The latest developments of epidemiologic and biochemical research suggest that current upper limits of intake for dietary selenium and for overall selenium exposure may be inadequate to protect human health. In particular, recent experimental and observational prospective studies indicate a diabetogenic effect of selenium at unexpectedly low levels of intake. Experimental evidence from laboratory studies and veterinary medicine appears to confirm previous epidemiologic observations that selenium overexposure is associated with an increased risk of amyotrophic lateral sclerosis, and a recent large trial indicated no beneficial effect in preventing prostate cancer. Moreover, the pro-oxidant properties of selenium species and the observation that the selenium-containing enzymes glutathione peroxidases are induced by oxidative stress imply that the increase in enzymatic activity induced by this metalloid may represent at least in part a compensatory response. Taken together, the data indicate that the upper safe limit of organic and inorganic selenium intake in humans may be lower than has been thought and that low-dose chronic overexposure to selenium may be considerably more widespread than supposed.

Risk of chronic low-dose selenium overexposure in humans: insights from epidemiology and biochemistry / Vinceti, Marco; Maraldi, Tullia; Bergomi, Margherita; Malagoli, Carlotta. - In: REVIEWS ON ENVIRONMENTAL HEALTH. - ISSN 0048-7554. - STAMPA. - 24:(2009), pp. 231-248.

Risk of chronic low-dose selenium overexposure in humans: insights from epidemiology and biochemistry.

VINCETI, Marco;MARALDI, Tullia;BERGOMI, Margherita;MALAGOLI, Carlotta
2009

Abstract

The latest developments of epidemiologic and biochemical research suggest that current upper limits of intake for dietary selenium and for overall selenium exposure may be inadequate to protect human health. In particular, recent experimental and observational prospective studies indicate a diabetogenic effect of selenium at unexpectedly low levels of intake. Experimental evidence from laboratory studies and veterinary medicine appears to confirm previous epidemiologic observations that selenium overexposure is associated with an increased risk of amyotrophic lateral sclerosis, and a recent large trial indicated no beneficial effect in preventing prostate cancer. Moreover, the pro-oxidant properties of selenium species and the observation that the selenium-containing enzymes glutathione peroxidases are induced by oxidative stress imply that the increase in enzymatic activity induced by this metalloid may represent at least in part a compensatory response. Taken together, the data indicate that the upper safe limit of organic and inorganic selenium intake in humans may be lower than has been thought and that low-dose chronic overexposure to selenium may be considerably more widespread than supposed.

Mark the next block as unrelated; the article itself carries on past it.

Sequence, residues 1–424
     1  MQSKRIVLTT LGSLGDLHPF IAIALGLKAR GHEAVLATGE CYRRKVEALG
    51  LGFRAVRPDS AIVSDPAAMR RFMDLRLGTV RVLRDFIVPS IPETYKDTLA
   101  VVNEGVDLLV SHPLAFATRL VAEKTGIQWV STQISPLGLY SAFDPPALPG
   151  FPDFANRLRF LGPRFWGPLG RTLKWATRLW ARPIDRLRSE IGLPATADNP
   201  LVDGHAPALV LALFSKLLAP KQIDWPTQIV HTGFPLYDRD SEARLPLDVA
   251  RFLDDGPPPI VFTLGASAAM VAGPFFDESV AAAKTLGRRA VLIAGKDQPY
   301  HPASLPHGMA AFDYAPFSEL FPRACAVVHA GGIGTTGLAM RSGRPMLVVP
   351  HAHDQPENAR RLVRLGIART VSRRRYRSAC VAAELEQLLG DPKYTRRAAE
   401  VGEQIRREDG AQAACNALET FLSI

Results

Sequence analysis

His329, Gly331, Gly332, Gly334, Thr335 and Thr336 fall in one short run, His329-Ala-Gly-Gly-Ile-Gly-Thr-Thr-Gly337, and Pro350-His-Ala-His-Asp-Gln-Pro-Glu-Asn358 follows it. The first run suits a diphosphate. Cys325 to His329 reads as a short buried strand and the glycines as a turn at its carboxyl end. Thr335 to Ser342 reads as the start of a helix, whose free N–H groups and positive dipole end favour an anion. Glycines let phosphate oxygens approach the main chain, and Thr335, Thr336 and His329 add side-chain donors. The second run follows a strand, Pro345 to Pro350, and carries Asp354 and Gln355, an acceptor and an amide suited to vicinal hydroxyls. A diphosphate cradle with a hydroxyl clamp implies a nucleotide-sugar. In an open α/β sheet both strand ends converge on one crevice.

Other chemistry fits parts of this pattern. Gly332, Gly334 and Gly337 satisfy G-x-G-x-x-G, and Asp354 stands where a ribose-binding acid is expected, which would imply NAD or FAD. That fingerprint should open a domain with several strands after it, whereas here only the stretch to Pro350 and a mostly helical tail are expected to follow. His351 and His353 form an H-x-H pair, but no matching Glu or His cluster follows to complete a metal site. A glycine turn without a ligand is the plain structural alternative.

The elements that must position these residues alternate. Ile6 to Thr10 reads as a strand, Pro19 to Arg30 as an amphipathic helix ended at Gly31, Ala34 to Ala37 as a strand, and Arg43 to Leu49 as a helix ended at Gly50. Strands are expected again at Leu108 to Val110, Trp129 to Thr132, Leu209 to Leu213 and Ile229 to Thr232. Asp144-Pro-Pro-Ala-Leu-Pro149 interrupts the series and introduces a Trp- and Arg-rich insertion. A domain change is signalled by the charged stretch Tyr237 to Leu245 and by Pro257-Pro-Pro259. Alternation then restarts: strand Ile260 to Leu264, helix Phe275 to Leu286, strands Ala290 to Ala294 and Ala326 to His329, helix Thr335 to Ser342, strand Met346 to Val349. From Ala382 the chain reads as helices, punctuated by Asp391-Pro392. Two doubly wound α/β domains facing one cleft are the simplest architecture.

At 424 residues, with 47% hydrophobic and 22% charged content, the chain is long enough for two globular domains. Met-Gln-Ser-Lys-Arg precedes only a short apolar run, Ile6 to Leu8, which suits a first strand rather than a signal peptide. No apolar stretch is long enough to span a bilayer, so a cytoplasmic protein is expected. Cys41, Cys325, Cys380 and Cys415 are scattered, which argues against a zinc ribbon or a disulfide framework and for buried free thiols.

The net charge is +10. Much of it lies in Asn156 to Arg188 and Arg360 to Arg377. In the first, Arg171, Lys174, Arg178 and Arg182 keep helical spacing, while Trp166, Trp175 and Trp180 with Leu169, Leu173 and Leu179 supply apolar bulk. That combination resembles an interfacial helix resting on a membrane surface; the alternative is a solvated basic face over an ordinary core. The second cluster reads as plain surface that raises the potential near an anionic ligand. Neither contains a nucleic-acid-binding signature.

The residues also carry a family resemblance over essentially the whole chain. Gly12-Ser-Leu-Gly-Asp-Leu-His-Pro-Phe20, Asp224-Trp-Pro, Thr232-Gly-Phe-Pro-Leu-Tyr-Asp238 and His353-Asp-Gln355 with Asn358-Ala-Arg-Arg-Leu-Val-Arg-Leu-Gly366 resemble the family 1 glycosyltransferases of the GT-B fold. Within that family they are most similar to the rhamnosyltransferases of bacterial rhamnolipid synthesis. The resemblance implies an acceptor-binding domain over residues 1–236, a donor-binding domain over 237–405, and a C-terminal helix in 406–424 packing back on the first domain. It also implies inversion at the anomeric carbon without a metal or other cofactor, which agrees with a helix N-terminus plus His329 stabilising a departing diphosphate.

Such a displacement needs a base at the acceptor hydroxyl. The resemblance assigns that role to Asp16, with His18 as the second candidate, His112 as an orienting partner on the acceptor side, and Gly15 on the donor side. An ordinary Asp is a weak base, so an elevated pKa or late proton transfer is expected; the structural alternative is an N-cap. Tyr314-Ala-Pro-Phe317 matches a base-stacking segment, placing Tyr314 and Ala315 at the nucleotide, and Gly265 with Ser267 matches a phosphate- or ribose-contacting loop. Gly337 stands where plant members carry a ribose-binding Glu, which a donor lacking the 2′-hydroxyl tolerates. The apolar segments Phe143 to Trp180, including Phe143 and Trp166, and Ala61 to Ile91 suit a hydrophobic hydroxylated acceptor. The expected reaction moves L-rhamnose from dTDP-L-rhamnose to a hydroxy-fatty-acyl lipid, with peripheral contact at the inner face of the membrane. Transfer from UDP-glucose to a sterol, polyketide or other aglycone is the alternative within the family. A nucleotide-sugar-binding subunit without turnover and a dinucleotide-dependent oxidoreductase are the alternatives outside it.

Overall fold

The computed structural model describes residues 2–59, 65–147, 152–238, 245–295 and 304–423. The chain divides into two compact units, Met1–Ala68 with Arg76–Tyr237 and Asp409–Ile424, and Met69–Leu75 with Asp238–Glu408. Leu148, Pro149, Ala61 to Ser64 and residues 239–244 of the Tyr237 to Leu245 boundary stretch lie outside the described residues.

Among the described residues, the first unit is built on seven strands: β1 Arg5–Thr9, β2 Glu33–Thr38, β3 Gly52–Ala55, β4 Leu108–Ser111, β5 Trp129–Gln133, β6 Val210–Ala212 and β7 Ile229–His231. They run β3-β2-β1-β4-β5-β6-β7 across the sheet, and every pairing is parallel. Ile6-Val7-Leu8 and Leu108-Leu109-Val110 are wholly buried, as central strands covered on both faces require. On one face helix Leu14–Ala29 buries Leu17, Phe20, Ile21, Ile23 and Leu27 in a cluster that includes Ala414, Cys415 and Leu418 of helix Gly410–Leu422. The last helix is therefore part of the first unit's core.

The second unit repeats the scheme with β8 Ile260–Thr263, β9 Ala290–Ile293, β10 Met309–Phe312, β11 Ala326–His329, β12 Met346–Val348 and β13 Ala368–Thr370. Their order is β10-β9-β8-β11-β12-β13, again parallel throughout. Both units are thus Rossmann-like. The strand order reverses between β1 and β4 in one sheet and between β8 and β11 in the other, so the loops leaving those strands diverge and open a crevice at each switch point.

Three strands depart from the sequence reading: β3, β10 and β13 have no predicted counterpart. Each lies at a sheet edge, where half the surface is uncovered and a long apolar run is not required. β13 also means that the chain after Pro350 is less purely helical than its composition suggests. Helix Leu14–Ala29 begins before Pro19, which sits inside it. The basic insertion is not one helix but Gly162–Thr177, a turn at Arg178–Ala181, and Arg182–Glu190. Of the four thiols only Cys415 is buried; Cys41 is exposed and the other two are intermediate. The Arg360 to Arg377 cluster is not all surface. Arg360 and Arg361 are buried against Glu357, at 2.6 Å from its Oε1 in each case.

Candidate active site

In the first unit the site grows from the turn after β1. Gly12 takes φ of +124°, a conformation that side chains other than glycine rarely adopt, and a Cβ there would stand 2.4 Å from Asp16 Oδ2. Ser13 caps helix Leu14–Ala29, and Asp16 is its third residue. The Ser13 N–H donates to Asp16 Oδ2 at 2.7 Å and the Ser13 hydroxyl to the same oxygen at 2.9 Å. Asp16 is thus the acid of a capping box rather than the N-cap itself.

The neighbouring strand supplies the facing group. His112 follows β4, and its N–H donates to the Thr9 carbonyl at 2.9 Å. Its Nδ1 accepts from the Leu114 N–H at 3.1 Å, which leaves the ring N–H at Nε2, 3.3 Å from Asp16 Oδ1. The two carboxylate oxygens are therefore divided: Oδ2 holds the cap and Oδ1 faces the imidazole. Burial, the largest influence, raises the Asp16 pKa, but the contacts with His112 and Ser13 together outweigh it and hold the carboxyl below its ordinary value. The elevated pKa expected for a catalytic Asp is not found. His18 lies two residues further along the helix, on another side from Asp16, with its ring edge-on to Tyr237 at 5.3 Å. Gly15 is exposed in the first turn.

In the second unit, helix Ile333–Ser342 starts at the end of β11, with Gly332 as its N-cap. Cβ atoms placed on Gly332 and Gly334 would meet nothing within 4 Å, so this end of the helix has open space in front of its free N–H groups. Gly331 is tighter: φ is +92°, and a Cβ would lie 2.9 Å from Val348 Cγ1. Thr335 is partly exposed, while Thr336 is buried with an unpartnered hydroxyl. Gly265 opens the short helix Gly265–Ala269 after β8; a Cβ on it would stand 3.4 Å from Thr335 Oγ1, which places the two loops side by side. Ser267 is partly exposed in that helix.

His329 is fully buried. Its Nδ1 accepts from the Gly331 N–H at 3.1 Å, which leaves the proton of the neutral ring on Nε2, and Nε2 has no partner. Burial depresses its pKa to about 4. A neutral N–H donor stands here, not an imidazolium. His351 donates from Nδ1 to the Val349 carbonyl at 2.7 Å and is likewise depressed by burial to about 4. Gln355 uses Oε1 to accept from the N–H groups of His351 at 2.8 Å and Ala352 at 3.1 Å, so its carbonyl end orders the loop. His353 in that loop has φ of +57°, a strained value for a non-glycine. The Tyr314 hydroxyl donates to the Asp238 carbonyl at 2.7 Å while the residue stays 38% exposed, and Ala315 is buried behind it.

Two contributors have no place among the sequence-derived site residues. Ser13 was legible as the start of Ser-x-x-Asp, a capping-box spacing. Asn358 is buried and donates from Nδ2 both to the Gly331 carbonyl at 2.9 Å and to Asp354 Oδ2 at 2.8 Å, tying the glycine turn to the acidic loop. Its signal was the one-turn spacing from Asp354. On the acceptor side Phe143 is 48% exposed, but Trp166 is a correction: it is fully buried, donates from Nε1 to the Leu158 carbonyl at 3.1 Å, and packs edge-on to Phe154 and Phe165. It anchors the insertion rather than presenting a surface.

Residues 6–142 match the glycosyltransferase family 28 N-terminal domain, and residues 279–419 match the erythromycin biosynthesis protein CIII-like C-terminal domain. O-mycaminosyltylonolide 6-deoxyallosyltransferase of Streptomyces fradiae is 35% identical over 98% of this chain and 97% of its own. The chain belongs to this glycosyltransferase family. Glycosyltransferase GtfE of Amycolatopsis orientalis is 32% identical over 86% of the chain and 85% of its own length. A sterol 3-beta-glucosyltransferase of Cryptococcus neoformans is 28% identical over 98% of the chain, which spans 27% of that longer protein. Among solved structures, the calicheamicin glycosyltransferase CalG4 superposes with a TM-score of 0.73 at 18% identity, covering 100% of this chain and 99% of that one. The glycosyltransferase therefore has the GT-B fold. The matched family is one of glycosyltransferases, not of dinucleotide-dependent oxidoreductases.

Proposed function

24
231
248
Risk of chronic low-dose selenium overexposure in humans: insights from epidemiology and biochemistry / Vinceti, Marco; Maraldi, Tullia; Bergomi, Margherita; Malagoli, Carlotta. - In: REVIEWS ON ENVIRONMENTAL HEALTH. - ISSN 0048-7554. - STAMPA. - 24:(2009), pp. 231-248.
Vinceti, Marco; Maraldi, Tullia; Bergomi, Margherita; Malagoli, Carlotta
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Utilizza questo identificativo per citare o creare un link a questo documento: http://hdl.handle.net/11380/639486
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